1. Agility and flexibility in meeting market requirements. Production processes are not rigid like those of large formal companies. Indigenous commerce entrepreneurs quickly adjust to meet customer preferences, tastes and requirements. That is why they have all sorts of measurements. They do not measure all products in kilograms or monetary terms. They can use cups, baskets, crates, one by one counting, punnets, plastic bags and many others – all meant to respond to different customers. They have become awareness that without meeting the needs of customers there is no business.  That is why they try to respond to different levels of buying power.


  1. Indigenous commerce is based on fast and fluid decision-making. Entrepreneurs are not hamstrung by too much bureaucracy. Prices are adjusted quickly in response to market dynamics. Giving a discount or credit is a fast decision. The faster the decision making, the faster results are obtained.  On the other hand, the formal economy takes long to make decisions and, sometimes by the time a decision is reached signals would have changed and opportunities would have evaporated while threats will have gone under in ways that render the business vulnerable to lurking shocks.


  1. Fluid stocking – Most SMEs do not have warehouses. They know that putting commodities in rigid warehouses can tie down money and other resources in stocks. When resources are kept idle for some time, they attract serious opportunity costs. Based on fluid knowledge driven by solid networks, indigenous commerce entrepreneurs know what they want, when and in what quantities. Orders do not spend much time in the market because commodities flow as per demand requirements. They also know their stocking levels. If information asymmetry is minimized, this fluidity should influence production processes. Daily indicators from the market provide early warnings in terms of what needs to be produced, when and in what quantities, thus controlling gluts and shortages.


  1. Patriotism – The majority of people who start MSMEs become so attached to their businesses to the point of not looking for jobs anywhere or crossing the border in search of employment. Most are owners attached to their own enterprises and fear of failure is very high, compared to if they were just employees. They understand the dynamics of the micro economy and want to see the business grow because it is a source of livelihood. Deep individual commitment to their business’ survival translates to at contributes to national economic stabilization.


  1. Products and services do not require much foreign currency. This is an economy driven by local resources. Indigenous knowledge is full of improvisation as well as optimum use of available resources and knowledge. It is also characterized by flexible payment methods. Whereas in formal commerce money is the only mode of payment, indigenous commerce uses several modes of payment.  Commodities can be easily exchanged and one can pay labor services with commodities. The absence of money does not impede trading. People continue to attach different versions of value to their commodities, for instance, maize could easily be exchanged with chicken.  It does not just work in monetary terms.  Indigenous commerce also emphasizes an ecosystem of actors and commodities or services.  On the other hand, formal commerce promotes linear movement of goods and services: Producer – manufacturer – wholesaler – retailer – consumer.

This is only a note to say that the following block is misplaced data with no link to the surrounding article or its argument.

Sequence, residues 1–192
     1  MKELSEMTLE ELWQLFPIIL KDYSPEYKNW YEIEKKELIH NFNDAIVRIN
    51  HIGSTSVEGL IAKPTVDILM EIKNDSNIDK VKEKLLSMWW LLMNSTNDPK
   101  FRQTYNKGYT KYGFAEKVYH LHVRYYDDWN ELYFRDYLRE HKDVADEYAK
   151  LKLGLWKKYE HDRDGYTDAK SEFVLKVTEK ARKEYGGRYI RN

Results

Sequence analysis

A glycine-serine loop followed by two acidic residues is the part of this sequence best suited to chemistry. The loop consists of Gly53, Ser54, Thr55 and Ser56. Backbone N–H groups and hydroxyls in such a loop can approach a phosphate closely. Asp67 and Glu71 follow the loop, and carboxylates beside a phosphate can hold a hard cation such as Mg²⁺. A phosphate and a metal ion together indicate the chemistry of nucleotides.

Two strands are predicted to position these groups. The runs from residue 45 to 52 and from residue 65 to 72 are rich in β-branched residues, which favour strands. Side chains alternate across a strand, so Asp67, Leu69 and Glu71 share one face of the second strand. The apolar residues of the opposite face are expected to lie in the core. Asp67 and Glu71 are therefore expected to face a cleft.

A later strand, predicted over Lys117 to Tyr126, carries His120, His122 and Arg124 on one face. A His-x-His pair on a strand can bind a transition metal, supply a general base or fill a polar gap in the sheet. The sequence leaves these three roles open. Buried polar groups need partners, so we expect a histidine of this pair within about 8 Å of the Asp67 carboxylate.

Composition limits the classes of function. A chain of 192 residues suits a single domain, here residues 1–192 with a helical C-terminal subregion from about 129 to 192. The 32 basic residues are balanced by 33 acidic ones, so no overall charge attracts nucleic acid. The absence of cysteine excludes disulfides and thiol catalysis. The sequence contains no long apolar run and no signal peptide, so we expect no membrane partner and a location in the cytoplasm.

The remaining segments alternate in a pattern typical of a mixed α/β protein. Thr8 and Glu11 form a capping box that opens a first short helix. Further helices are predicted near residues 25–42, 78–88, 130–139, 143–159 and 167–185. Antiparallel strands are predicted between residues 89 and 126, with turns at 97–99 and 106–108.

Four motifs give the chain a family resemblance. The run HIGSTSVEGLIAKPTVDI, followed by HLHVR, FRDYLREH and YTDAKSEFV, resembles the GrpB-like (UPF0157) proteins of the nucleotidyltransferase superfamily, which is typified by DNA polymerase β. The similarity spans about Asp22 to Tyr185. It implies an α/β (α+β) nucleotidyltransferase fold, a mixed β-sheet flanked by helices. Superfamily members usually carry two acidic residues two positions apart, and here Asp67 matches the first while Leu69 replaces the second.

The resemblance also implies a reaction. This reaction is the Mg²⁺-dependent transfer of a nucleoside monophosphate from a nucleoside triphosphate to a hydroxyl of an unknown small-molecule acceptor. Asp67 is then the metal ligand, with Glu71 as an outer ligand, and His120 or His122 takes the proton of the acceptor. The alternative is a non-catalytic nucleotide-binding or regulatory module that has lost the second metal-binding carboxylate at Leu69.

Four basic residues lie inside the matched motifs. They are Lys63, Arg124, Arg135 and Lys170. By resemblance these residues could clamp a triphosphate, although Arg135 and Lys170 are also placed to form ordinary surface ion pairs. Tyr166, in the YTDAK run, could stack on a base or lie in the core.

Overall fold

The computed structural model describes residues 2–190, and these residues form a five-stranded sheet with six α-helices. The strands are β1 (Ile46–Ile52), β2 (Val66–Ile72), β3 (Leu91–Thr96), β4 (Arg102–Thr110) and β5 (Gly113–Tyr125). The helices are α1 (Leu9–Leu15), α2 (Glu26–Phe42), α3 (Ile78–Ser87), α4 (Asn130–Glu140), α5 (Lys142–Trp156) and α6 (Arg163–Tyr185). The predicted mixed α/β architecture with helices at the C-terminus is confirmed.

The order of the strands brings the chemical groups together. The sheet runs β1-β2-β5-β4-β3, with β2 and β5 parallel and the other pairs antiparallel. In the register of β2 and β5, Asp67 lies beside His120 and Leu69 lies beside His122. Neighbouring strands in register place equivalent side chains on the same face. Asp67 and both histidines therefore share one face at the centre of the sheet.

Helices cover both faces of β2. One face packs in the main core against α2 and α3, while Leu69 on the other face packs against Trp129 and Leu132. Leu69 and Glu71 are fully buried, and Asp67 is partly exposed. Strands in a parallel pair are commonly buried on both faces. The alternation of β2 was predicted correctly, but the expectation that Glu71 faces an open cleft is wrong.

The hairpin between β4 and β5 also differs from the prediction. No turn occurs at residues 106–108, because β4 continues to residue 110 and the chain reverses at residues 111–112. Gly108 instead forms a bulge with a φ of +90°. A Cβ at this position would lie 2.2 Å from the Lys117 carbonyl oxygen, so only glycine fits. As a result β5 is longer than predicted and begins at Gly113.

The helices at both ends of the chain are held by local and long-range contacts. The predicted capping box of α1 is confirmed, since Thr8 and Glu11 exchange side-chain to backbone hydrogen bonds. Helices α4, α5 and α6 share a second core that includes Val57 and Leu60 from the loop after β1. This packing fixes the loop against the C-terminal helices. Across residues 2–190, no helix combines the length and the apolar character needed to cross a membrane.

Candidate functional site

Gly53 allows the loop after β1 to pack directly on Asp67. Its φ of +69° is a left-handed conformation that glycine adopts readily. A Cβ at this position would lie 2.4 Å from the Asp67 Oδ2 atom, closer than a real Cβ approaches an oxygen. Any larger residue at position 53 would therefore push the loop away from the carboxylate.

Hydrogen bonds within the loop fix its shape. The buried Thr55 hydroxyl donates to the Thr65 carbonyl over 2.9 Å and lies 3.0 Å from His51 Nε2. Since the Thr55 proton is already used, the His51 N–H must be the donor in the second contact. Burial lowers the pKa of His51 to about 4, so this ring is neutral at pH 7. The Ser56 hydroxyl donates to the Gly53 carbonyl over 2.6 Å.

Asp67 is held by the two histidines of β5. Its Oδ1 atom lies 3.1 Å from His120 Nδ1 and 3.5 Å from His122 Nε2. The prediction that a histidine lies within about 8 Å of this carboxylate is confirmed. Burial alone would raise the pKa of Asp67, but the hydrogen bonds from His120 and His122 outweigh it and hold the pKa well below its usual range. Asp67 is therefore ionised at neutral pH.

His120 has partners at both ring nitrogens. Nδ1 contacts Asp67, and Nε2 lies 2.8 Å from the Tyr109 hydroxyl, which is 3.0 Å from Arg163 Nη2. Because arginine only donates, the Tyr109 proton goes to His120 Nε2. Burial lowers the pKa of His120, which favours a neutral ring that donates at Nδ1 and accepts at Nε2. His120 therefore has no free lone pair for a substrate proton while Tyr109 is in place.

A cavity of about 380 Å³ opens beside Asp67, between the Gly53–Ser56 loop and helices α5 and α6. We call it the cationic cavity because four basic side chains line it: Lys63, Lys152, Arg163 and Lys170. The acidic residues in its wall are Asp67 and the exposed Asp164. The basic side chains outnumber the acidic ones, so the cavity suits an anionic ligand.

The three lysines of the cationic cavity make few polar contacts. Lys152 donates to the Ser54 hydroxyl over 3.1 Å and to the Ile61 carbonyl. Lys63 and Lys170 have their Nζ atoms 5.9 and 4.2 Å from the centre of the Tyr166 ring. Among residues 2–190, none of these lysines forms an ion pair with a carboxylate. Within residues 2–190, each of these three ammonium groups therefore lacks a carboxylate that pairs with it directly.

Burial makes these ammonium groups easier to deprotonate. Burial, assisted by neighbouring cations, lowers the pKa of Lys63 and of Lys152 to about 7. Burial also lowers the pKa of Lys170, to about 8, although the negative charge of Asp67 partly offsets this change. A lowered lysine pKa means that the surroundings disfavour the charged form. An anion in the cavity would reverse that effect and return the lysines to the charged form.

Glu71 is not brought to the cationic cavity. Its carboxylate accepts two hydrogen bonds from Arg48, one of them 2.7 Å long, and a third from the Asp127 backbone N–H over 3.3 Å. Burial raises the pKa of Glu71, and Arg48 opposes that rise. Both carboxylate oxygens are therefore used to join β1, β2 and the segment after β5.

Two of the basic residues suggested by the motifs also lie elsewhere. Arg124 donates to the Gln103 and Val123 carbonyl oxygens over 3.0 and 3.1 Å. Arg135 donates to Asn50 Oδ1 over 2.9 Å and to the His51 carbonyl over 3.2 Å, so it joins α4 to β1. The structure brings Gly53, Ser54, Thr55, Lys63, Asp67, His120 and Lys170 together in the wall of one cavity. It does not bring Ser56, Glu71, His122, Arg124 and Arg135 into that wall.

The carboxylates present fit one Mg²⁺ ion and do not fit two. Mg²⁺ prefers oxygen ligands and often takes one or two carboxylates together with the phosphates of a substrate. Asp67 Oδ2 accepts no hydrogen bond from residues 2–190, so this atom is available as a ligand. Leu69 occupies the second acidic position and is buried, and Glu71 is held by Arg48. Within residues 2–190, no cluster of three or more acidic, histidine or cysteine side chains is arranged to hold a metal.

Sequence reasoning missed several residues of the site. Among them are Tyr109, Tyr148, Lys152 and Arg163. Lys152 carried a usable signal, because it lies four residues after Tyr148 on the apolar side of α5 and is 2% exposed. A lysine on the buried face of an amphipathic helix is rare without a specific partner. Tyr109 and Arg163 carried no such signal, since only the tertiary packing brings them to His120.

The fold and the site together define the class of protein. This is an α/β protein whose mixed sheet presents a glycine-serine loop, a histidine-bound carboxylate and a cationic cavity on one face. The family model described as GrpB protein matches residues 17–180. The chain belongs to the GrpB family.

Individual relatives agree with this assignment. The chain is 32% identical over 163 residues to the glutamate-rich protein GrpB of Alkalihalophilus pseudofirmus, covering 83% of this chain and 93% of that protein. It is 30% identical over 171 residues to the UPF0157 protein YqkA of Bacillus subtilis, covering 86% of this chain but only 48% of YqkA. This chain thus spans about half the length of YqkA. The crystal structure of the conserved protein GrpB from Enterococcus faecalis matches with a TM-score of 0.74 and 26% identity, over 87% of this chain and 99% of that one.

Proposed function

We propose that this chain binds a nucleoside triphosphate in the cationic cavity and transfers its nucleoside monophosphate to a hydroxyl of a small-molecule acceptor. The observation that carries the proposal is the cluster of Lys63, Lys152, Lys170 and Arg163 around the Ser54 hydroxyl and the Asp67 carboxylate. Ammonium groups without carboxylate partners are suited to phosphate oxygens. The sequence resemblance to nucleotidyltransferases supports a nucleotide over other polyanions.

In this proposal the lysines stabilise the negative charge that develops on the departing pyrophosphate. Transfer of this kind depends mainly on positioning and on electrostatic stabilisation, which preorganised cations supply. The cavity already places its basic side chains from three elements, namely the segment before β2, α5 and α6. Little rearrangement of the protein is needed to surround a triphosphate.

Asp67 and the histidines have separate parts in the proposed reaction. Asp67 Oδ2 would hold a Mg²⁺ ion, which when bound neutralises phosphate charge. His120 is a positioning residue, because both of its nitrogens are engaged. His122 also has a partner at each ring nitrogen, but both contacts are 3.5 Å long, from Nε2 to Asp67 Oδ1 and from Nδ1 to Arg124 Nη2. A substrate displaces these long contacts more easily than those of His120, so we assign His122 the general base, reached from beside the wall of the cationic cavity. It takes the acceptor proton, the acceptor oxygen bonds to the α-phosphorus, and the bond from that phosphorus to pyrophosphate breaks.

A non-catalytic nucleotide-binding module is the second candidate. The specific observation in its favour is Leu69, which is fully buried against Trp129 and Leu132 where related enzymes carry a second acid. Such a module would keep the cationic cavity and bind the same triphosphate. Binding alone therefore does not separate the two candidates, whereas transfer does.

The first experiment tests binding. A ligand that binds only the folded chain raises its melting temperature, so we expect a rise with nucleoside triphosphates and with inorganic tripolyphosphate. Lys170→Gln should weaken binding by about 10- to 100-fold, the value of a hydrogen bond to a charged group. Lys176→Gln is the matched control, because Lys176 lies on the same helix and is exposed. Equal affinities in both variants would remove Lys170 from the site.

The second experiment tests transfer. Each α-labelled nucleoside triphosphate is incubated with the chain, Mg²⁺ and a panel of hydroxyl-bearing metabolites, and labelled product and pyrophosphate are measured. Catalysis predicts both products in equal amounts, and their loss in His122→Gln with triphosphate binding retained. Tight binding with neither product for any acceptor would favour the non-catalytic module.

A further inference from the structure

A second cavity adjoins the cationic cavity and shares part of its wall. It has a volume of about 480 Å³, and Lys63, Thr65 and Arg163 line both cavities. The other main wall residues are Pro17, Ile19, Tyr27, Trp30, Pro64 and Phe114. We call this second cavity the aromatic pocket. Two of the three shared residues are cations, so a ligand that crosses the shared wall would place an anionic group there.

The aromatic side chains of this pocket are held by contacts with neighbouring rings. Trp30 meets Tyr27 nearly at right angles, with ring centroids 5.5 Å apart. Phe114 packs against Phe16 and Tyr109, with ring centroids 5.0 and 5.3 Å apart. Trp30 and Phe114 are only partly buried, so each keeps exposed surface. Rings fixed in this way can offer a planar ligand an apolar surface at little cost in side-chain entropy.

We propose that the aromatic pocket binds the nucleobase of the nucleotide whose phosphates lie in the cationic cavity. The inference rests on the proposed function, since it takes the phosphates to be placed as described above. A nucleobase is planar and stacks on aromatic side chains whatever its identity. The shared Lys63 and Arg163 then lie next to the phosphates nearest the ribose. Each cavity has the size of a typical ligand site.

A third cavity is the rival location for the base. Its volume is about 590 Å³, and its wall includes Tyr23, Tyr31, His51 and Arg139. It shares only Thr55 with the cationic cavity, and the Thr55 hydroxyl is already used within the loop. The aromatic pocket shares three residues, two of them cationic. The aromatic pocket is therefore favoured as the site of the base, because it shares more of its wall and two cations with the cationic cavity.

1. Meeting the needs of low income households – In terms of their target market, most MSMEs target the greater low to medium income population. What they are providing are necessities. For instance, more than 70% of the food commodities that pass through indigenous commerce are necessities, needed by the majority of the population. These actors understand their markets and preferences. In order to meet the needs of different income levels, they tend to maintain their positions in the ecosystem. Traders are traders, farmers are farmers while transporters are transporters. This is how they are perfecting their roles in the ecosystem in ways that simplify resource mobilization. Such habits and practices are different from formal companies which try dominate the entire value chain by becoming producers, processors, wholesalers and retailers, leaving no room for other actors who can do some tasks better.


The importance of recognizing indigenous commerce

Developing countries that have started recognizing indigenous commerce are not only beginning to witness a broadening of their tax base, but started using indigenous commerce to grow their economies from the bottom. However, what is now clear is that indigenous commerce requires different financial models based on authentic characteristics that are certainly different from the western-biased formal economy. For a long time, these indigenous commerce characteristics have been driving MSMEs entrepreneurship as collateral.  Individual corporates cannot be more important than the solidarity of the entire indigenous commerce ecosystem. To what extent can formal financial institutions use the existing indigenous commerce characteristics as collateral?  Due to the fluidity of indigenous commerce, it is no longer sensible to use immovable property like buildings as collateral.  The fluid nature of indigenous commerce in response to various niche markets also means there is no longer need for mass production. Volumes are just produced as per market needs and commodities are sent where they are needed. These issues should be taken into account if modern financial institutions are to forge a new deal with society.  / /